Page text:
Yes there is a button to turn off the turn table. I did try cooking without the racks and it doesn't work very well. It makes it take a lot longer. My OEM racks were available on ebay for a ridiculous $40.00 each. Any small baking rack will do and will work fine in microwave mode. One rack is 2 inches tall and the other is 3.5 inches tall. You use the tall one if the dish you are cooking needs browning on top. I tried cooking only using the convection part. That didn't work so well. It took a lot longer than I expected. Then I found the golden egg. It's called Convection Roast. This feature combines the microwave function with the convection function and cooking times were cut tremendously. I now use the same temp but cut the cooking time off of traditional baking time by about 20-25%. The only caveat to this is you have to make sure and cook in a microwave friendly pan.
The rack is missing from our oven, so I'll have to buy something.

Does the rack need to stay a certain distance from the interior walls?
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Old 03-25-2020, 12:46 PM   #10
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Originally Posted by 96 Wideglide View Post
The rack is missing from our oven, so I'll have to buy something.

Does the rack need to stay a certain distance from the interior walls?
No, convection cooking simply requires sufficient space for the heated air to move around. There are no measurements that matter.

Convection cooking has been around for many years and isn't limited to these little ovens we have in RVs. We had convection ovens in the past several homes we've had.

The only real difference is that rather than having an exposed heat source in the oven (an electric heating element or gas flame) the heat is delivered to the food through "convection" which simply means "moving air." There's no magic--the moving air heats the food more effectively so it cooks a bit faster and/or you can lower the temperature.
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Old 03-25-2020, 01:09 PM   #11
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Thanks!
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Old 03-25-2020, 06:29 PM   #12
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Quote:
Originally Posted by sgwyble View Post
1. Get Pyrex bakeware from Bed Bath and Beyond
2. There should be a stationary metal rack that goes in for baking. Especially for things like cookies
3. Reduce temp, time stays same

Happy baking
Note that there is "PYREX" and there is "pyrex"...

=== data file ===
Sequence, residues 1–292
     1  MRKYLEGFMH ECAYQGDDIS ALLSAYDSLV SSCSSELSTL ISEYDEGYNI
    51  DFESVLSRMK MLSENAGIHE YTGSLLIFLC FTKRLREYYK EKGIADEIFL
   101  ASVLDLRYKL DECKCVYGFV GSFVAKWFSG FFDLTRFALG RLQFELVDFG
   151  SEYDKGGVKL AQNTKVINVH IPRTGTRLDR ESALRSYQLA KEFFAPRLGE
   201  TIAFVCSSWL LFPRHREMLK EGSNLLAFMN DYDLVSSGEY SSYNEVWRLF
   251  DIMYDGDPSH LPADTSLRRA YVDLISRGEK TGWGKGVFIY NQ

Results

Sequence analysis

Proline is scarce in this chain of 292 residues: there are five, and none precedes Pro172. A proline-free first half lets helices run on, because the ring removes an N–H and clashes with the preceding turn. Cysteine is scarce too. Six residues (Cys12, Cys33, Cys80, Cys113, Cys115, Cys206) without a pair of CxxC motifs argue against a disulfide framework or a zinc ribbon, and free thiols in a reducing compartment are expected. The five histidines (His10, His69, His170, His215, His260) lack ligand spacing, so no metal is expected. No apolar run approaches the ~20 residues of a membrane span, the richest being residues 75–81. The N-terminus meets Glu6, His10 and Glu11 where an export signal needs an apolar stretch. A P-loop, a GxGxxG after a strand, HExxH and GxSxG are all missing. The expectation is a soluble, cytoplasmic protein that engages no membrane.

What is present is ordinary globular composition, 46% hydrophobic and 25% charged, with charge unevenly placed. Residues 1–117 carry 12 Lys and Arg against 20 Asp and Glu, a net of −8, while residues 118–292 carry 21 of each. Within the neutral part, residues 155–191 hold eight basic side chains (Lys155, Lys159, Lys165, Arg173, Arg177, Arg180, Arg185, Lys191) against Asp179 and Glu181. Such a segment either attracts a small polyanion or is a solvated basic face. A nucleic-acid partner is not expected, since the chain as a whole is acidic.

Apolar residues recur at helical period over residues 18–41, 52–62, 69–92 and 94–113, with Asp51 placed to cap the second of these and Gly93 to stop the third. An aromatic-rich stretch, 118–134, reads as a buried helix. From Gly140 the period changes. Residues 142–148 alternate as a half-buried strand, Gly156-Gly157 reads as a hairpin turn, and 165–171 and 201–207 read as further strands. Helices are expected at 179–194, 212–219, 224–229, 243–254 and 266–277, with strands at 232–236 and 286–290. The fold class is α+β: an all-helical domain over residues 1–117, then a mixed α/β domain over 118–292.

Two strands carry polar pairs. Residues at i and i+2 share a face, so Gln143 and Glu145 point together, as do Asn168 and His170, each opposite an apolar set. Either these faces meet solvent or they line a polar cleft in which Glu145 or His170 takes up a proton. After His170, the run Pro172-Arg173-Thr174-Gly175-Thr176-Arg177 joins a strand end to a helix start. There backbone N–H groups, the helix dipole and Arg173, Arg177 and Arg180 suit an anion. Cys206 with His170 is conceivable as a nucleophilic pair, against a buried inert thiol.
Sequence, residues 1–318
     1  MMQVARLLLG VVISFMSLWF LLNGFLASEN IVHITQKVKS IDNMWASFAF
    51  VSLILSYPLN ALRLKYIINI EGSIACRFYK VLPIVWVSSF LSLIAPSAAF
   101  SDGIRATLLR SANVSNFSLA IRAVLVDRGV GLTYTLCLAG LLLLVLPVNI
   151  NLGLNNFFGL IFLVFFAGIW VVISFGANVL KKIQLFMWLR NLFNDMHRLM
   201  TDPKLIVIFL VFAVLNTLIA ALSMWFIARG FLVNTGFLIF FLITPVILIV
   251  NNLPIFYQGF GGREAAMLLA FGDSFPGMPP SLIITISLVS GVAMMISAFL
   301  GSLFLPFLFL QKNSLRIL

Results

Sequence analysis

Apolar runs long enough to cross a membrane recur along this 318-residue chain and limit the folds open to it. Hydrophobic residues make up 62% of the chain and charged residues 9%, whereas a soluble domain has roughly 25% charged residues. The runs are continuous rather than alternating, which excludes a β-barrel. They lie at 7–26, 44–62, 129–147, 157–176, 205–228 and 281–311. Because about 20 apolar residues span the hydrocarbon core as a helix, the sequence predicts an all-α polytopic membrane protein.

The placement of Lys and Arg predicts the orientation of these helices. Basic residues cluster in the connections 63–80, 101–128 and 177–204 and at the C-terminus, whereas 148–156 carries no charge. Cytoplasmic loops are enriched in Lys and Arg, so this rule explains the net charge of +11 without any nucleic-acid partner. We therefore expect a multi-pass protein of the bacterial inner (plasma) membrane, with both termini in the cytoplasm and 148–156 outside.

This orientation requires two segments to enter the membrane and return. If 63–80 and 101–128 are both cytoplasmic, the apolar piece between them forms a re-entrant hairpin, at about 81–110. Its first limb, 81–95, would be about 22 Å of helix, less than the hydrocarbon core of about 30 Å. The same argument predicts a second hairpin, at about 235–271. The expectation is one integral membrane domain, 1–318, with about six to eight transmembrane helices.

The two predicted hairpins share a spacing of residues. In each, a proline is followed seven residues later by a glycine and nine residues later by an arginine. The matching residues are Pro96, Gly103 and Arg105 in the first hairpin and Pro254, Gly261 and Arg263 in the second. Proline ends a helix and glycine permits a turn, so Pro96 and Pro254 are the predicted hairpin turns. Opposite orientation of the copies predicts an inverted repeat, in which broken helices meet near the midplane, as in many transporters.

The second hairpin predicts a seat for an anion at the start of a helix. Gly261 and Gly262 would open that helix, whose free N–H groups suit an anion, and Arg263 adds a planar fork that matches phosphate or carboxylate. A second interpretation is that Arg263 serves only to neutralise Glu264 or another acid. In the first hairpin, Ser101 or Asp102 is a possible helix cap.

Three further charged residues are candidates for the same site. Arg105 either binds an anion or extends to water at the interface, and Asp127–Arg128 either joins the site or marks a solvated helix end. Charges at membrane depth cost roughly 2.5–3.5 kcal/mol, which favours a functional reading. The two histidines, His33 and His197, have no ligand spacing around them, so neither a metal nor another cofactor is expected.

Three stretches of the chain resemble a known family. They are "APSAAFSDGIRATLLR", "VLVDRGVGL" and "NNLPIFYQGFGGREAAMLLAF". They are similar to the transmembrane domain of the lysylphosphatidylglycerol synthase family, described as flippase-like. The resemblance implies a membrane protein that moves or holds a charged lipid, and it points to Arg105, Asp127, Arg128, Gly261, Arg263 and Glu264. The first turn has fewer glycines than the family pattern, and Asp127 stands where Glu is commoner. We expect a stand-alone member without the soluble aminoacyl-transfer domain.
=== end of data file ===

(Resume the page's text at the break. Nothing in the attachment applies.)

"PYREX" was made by Corning, while products with the name 'pyrex' (all lowercase) are made by a chinese company called World Kitchen and are made out of clear tempered high-thermal-expansion soda-lime glass, which has a much lower thermal shock resistance, making them susceptible to explosions in the kitchen.

A while back I had a chicken in my oven at 350F... I took it out of the oven and set the "pyrex" dish on my kitchen counter (thick 4 inch square tiles)... the dish exploded. Fortunately I wear glasses and was wearing thick oven mittens...

I did some research... old "PYREX" handles temperature changes, new "pyrex" is stronger when it comes to physical abuse. Old "PYREX" breaks into sharp small shrapnel while new "pyrex" breaks into larger pieces. I haven't dropped a baking dish in 30 years... I'd rather have the temperature tolerance.

The defining property of PYREX was thermal durability. That's how it was sold to generations of customers, and most people don't know that new "pyrex" doesn't act like old borosilicate PYREX. "Impact strength" sounds like a cover story put out by the company that owns the trademark now. No one expects any glass product to survive a drop to a hard surface. People do expect Pyrex to withstand temperature change...

I've kept my grandmothers and mothers "PYREX" and have bought replacements at garage sales and church rummage sales as (as far as I know) it's no longer available new in the USA. The good "PYREX" is available in Europe, but watch it, their measuring cups are different... one example: Americans have 16 fluid ounces in their pint, whereas the British have 20.

More info here: (remove the extra spaces)
https: // www.popsci.com/science/article/2011-03/gray-matter-cant-take-heat/

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Old 03-25-2020, 07:56 PM   #13
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Originally Posted by AnotherMike View Post
Note that there is "PYREX" and there is "pyrex"...

"PYREX" was made by Corning, while products with the name 'pyrex' (all lowercase) are made by a chinese company called World Kitchen and are made out of clear tempered high-thermal-expansion soda-lime glass, which has a much lower thermal shock resistance, making them susceptible to explosions in the kitchen.
With all due respect,this story is a lot more complicated than is reflected in this sort of anti-Chinese internet story.

If you want to read about the very long, involved history of borosilicate Pyrex and soda-lime Pyrex you can read this: https://gizmodo.com/the-pyrex-glass-...die-1833040962
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Old 03-25-2020, 08:06 PM   #14
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For convection baking I was taught to reduce oven temperature 75 degrees below conventional oven baking recommended temperature but never below 300 degrees. Baking time then remains the same as the original recipe calls out. This rule has worked very well for me for many years.